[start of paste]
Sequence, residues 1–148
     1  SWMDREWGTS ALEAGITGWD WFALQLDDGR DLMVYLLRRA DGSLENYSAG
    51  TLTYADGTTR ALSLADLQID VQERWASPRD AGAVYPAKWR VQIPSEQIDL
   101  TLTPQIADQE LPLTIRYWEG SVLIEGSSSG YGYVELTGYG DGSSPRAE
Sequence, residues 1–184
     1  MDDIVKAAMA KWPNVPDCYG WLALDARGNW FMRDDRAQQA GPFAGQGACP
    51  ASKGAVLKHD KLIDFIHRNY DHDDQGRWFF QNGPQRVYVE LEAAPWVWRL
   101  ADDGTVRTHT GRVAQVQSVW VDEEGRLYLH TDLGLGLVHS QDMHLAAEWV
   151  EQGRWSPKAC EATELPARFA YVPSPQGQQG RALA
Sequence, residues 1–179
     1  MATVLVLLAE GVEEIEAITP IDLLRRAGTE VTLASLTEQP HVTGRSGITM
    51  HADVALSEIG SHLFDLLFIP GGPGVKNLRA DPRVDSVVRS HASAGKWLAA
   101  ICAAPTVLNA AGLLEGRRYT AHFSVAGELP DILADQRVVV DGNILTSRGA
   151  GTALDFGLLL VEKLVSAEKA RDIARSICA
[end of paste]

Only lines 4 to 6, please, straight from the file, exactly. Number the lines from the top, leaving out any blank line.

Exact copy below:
   101  TLTPQIADQE LPLTIRYWEG SVLIEGSSSG YGYVELTGYG DGSSPRAE
Sequence, residues 1–184
     1  MDDIVKAAMA KWPNVPDCYG WLALDARGNW FMRDDRAQQA GPFAGQGACP